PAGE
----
The Cayman Islands, an offshore tax havenAxelspace Corporation

Last week I wrote an article about Apple and the role that young people need to play in confronting the corporation, and rejecting their immoral and exploitative practices. As it transpires, I was wrong. Worse still, I was patently and embarrassingly naïve. The scope of my article, and the action that it demanded was far too narrow-minded. The measures were conservative.

A matter of hours after this first article was published, 13.4 million documents were revealed to have been leaked months earlier to the International Consortium of Investigative Journalists. These documents, referred to as the Paradise Papers, detail how the world’s wealthiest, most influential and powerful figures – many in politics, entertainment and sport, who are adored and celebrated as icons – hide their wealth from tax. Perhaps the most sickening revelation is the extensiveness of the efforts that these individuals go to to do this, as well as the hypocrisy and bare-faced lies they tell.

“The poor, the deprived, the overwhelming majority of the working population in Britain, get no such tax relief”

Tim Cook, Apple’s CEO, said that not only does Apple pay its due taxes, but it respects the “spirit of the law”. This is a lie. The Paradise Papers reveal the aggressive and sinister measures that Apple takes to prevent paying the tax that the law demands.

Meanwhile individuals like Lewis Hamilton (who has a net worth of £130 million) leverage their wealth and status to exempt themselves from paying tax. His private jet is registered in the Isle of Man as a charter jet, and then exclusively chartered to himself, through a company he owns. This means that he pays his own company to use his private jet, the company makes a marginal profit to create a façade of authenticity, with the profit then going to Hamilton.

This has saved Hamilton at least £3 million. In other words, the UK Treasury has lost at least £3 million in VAT tax receipts; the NHS has lost at least £3 million, from Hamilton alone, that it could have spent on hiring more doctors, or building new hospitals. Think of what the Treasury could do were it to receive the total tax receipts it rightly deserves.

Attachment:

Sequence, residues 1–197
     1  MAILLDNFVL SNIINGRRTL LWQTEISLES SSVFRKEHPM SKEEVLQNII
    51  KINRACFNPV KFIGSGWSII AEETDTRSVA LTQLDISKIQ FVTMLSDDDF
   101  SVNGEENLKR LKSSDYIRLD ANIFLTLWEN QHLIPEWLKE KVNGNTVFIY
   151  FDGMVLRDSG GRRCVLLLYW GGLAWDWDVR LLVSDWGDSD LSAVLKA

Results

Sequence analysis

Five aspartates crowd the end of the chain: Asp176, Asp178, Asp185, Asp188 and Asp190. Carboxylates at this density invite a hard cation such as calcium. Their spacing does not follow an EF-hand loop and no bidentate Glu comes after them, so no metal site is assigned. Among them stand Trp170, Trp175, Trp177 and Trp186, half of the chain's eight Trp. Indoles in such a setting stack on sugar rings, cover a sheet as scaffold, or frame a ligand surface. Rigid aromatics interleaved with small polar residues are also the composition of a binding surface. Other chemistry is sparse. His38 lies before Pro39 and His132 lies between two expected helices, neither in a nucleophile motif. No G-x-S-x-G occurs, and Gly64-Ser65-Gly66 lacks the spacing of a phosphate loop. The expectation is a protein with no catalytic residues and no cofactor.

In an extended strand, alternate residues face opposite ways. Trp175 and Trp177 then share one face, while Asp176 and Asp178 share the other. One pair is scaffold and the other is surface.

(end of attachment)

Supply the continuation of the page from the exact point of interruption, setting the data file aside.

This is the stark cost of tax evasion. It doesn’t necessarily mean that the government can’t build a new road in Scotland, or purchase new reading books for primary schools in Lancashire. Rather, the cost is borne by the most vulnerable in our society. British taxpayers have died in underfunded, understaffed and ill-equipped NHS hospitals. This is a human cost, the heaviest cost of all. I sincerely hope that Lewis Hamilton – along with the plethora of other cruel individuals – understands that his scheme is not victimless. I hope he feels remorseful for his despicable actions.

The Paradise Papers have shown that the ultra-wealthy millionaires and billionaires of this world get tax cuts every single day on the VAT of their jets, yachts, houses and cars. By spending a certain number of days in Switzerland, Monaco or the Cayman Islands, they evade paying income tax on the enormous salaries that they earn, which are already many, many multiples greater than the average British taxpayer could ever dream of receiving.